Two 3-point sharp shooters are helping Emerson’s women’s basketball team open up space down low again this year.
Junior communication sciences and disorders major Elizabeth Horan and sophomore journalism major Eastin Ashby have both been solid—and at times dominant—from 3-point range this season. Horan ranks second in the New England Women’s and Men’s Athletic Conference, knocking down 42.9 percent of her shots from downtown, while Ashby checks in at seventh, hitting 30.3 percent of her 3s.
The mere threat of Horan and Ashby attracts significant defensive attention, according to team captain and junior guard Emily Cameron.
“It definitely opens up the middle for us,” Cameron, a visual and media arts major, said. “It makes the guards have to go out and guard them because they’re hitting their 3s.”
Head coach Bill Gould said he sees the outside scoring translate to points in the paint frequently.
“If I had nobody that could shoot the ball from outside, then they could just triple team anybody that caught the ball inside, and it would be effective,” Gould said.
While both Horan and Ashby are in the upper echelon of the NEWMAC leaderboard, Gould said the two have distinct tendencies. Horan’s production tends to be reliable, according to Gould.
“Elizabeth is a great example of a kid who has a natural shot and practices, so she’s very consistent,” Gould said.
Horan’s finest 3-point outing of the season came Jan. 14 against Clark University, when she hit five of her eight attempts. Horan said she discovered a knack for the shot early in her basketball career and counts on mechanics and mental preparedness to maintain a steady hand.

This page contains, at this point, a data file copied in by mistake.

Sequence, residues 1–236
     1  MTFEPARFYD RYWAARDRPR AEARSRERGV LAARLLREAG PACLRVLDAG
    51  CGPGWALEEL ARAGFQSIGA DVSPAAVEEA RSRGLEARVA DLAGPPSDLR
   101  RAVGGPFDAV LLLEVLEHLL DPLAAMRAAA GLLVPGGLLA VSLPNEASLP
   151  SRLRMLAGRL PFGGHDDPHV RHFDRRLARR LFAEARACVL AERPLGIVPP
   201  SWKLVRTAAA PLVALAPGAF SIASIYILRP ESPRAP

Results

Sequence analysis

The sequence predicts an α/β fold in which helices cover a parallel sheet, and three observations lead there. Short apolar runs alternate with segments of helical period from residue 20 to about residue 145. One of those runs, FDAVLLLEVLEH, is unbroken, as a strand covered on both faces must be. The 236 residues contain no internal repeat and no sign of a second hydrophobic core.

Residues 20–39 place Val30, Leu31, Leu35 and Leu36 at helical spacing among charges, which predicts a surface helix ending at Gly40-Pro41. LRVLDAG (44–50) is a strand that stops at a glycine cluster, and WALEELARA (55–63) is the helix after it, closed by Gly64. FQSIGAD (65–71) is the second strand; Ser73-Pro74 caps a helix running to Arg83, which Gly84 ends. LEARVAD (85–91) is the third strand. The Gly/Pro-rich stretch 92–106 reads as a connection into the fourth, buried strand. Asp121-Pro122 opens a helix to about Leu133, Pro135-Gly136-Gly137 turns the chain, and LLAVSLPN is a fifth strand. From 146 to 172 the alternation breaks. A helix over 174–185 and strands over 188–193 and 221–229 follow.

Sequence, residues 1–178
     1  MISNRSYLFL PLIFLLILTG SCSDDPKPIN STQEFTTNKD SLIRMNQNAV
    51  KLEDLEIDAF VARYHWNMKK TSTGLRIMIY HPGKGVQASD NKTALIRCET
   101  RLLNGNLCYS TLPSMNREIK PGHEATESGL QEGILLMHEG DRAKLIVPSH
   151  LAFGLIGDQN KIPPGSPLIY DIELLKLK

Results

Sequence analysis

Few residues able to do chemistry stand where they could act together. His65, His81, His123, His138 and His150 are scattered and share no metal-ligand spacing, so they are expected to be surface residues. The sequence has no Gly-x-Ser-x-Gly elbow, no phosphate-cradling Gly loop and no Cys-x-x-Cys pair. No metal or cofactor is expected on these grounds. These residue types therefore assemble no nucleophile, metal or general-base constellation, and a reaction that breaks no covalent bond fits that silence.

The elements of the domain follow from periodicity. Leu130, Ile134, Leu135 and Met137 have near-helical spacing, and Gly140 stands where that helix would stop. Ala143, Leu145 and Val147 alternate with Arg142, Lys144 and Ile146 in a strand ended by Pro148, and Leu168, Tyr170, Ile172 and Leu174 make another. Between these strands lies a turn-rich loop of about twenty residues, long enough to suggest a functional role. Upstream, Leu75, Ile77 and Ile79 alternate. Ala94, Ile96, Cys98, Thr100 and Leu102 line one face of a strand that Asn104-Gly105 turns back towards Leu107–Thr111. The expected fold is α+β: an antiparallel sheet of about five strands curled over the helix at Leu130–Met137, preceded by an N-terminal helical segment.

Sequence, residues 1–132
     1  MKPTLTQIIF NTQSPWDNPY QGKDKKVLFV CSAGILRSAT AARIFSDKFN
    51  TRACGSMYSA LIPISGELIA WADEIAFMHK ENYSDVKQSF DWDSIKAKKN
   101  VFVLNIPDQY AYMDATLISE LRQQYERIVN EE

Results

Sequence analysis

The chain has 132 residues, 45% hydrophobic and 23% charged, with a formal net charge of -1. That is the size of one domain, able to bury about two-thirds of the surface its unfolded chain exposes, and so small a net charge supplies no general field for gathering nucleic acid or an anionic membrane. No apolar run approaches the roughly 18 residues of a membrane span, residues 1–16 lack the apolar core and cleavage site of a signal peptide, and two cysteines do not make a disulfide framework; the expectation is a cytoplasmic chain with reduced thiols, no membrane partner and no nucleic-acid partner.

“The foundation of it is pretty sound,” Horan said. “I try not to think about the misses. If I focus on the misses, then I’ll just keep missing.”
Ashby trails Horan by 13 3s, with eight contests remaining on the Lions’ regular season slate. Gould said Ashby’s production is more sporadic than Horan’s, but he encourages his players to find Ashby on nights that she has a hot hand.
“She feeds off when she does well,” Gould said. “Sometimes, she gets the energy and the adrenaline. If Eastin makes a couple, I’m trying to get her shots because I know she’s getting into a groove.”
Ashby agreed with Horan that overthinking isn’t conducive to success. While Ashby said she works to perfect her mechanics in practice and develop a sort of “muscle memory,” game situations are often more pressure-packed.
“I try to be consistent, but sometimes I think about it too much,” Ashby said. “When I start thinking about it, that’s what really affects me the most.”
Ashby said Gould sometimes designs plays with the intention of putting three points on the board as opposed to two. While the additional tally assists the team, she said the momentum gained also helps.
“If people are knocking down 3s, people go crazy,” Ashby said. “It just gets everyone amped up, so it’s a fun shot to make.”
While Horan and Ashby have shown signs of brilliance in the first half of the season, Gould said he’s still working with the entire team to improve their understanding of opponents.
“Being able to slow the game down and recognize what they’re trying to take away, and how they’re playing, is oftentimes easier said than done,” Gould said. “That’s a learning curve that they’re still working on.”
After shooting 31.3 percent from 3-point range last season, Gould’s squad enters their final stretch converting 30.3 percent of their 3s as a group, good for second in the NEWMAC.
The Lions (7-10, 4-6) will travel to Connecticut to meet the United States Coast Guard Academy (9-8, 6-3) in NEWMAC action Saturday.